Laid Off After 50: 5 Dos and a Don't

Learn the steps you should take today if you want to be competitive tomorrow

by Jon Friedman • Next Avenue
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A few months ago, I got let go, along with a dozen or so colleagues. I was a victim of massive budget cuts by my employer where I’d worked for more than 13 happy and productive years.

So I’ve started blogging about what I went through — and continue to experience — as a way to help people who've recently lost their jobs.

A New Life Without a Corporate Office
Since my layoff, I’ve learned that your life changes dramatically when you no longer have an office to go to every day.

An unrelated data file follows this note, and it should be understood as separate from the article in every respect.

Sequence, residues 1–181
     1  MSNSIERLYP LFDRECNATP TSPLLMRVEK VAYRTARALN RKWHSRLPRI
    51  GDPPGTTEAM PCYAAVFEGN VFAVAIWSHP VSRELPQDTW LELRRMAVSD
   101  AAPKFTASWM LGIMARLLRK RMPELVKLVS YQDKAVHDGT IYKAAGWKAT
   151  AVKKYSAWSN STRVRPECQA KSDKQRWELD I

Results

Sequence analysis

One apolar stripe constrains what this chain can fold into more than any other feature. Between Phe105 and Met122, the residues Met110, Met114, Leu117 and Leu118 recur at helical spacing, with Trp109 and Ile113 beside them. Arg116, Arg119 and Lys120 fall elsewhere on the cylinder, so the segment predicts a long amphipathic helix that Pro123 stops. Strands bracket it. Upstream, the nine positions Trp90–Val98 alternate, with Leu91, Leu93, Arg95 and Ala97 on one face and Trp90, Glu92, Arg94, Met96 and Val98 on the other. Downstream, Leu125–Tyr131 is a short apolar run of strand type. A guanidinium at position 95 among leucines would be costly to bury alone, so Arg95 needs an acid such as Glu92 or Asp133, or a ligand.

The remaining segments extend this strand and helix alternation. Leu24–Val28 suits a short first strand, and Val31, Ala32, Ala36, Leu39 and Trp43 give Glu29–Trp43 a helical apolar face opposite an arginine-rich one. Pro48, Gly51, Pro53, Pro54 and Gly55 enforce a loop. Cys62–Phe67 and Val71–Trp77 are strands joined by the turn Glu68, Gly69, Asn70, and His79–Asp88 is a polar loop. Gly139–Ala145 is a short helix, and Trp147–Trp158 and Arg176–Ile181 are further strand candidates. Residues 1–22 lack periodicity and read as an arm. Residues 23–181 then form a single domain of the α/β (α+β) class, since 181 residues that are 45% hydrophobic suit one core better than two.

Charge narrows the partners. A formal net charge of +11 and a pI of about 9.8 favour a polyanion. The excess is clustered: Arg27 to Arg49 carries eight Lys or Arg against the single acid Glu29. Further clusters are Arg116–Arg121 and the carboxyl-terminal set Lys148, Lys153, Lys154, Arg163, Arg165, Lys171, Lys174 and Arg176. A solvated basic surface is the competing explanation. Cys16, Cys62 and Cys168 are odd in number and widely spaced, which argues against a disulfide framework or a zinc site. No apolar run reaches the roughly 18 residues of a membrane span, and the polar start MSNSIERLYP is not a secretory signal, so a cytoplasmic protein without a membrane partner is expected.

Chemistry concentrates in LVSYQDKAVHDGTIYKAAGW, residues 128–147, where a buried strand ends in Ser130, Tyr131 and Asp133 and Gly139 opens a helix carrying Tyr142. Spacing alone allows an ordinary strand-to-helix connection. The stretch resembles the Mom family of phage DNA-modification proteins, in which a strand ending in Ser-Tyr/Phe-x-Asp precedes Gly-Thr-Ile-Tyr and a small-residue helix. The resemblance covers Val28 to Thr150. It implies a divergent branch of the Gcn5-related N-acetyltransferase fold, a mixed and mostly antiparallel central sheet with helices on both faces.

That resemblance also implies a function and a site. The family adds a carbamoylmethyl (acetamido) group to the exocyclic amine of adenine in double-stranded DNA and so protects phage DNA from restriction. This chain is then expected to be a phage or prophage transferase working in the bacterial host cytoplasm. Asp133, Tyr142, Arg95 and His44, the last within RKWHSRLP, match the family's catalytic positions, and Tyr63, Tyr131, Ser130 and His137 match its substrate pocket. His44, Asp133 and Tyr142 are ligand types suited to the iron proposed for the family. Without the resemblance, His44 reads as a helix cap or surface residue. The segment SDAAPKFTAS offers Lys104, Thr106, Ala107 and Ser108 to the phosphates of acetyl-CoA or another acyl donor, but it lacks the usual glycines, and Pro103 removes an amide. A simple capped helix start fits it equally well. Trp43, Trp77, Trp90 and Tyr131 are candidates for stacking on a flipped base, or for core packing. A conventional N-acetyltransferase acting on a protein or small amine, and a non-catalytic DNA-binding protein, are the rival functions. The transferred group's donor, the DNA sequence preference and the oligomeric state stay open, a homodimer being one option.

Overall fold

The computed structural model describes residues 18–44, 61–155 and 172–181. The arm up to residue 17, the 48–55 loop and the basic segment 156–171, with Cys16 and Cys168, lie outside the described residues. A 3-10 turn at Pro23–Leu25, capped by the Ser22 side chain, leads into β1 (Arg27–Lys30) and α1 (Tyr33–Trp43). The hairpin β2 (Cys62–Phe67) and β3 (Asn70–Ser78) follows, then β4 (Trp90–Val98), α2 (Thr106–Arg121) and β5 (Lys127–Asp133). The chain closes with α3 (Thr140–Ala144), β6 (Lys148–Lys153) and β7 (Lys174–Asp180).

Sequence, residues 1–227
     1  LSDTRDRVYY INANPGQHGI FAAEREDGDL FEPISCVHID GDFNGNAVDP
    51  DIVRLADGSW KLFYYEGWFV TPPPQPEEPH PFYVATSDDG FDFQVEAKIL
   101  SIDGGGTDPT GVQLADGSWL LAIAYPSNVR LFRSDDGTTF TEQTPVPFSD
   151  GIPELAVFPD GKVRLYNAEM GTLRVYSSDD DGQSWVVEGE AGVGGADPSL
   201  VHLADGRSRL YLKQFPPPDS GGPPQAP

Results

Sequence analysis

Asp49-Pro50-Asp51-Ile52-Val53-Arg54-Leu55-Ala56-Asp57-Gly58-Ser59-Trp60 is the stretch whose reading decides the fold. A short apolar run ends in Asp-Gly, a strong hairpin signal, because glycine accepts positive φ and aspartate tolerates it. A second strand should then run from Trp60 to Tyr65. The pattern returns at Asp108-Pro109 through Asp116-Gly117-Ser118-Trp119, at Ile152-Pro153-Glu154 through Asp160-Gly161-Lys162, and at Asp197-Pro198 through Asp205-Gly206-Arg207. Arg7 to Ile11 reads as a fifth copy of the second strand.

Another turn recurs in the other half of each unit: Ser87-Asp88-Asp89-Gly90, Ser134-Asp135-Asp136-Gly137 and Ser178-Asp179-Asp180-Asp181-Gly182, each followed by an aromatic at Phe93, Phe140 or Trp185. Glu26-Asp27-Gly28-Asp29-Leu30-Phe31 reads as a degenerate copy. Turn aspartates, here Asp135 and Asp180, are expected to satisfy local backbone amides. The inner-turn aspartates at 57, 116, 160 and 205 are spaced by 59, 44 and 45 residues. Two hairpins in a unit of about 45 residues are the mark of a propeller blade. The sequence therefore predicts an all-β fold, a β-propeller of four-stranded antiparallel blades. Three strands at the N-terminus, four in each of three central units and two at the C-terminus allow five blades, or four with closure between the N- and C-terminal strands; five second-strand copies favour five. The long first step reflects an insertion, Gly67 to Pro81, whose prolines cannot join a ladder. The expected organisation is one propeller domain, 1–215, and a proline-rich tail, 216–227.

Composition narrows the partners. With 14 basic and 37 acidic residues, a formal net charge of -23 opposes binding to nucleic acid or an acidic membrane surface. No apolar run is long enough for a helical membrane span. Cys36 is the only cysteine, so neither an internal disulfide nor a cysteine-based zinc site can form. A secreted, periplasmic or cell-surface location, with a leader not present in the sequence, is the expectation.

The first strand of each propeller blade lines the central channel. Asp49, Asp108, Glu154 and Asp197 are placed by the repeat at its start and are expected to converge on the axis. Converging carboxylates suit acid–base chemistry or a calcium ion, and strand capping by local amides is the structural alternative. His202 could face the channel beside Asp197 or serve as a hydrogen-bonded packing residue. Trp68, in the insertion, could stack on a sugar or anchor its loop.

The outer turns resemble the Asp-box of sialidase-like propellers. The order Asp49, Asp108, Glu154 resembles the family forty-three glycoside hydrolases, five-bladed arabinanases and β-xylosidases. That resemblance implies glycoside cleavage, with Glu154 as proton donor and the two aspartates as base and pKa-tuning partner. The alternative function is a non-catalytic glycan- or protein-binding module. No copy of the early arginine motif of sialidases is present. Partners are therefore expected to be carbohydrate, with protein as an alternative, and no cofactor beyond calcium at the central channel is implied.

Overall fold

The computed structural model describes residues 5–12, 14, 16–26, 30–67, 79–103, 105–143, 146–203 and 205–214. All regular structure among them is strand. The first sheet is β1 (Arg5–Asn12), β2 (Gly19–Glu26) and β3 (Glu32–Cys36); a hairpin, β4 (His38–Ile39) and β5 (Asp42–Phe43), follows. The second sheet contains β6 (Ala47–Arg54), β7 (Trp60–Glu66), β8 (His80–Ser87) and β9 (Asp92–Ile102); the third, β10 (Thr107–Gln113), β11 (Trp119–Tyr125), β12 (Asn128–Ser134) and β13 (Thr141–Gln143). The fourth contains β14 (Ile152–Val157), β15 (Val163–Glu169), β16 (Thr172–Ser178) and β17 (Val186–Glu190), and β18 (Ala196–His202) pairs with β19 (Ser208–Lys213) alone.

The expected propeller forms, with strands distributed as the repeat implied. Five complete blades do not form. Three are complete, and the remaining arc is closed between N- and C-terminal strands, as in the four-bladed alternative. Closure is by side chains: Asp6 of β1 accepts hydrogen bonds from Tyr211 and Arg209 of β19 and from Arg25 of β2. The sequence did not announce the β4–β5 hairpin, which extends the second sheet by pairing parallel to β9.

(MORE: What Over-50 Entrepreneurs Say About Going Solo)

But it isn’t all bad or bad at all, really.

You know something? Once you get over the initial shock of a layoff, you start to appreciate the verities of working from home — for yourself.

One Big Advantage Working From Home
For one thing, your commute becomes much shorter, if not cheaper. Consider my instructive example.

It used to take me an average of 37 minutes to go from my Manhattan apartment to my employer’s headquarters. Make that 38 minutes and, oh, 31 seconds when I stopped to buy a black-and-white cookie at the Evergreen Diner.

Nowadays, I’ve found that I need roughly 7 seconds to stride from my bedroom to the desk in the living room. And I am never tempted to wolf down a fattening, delicious cookie.

I’ve also learned you need to follow a few basic rules after losing your job in your 50s.

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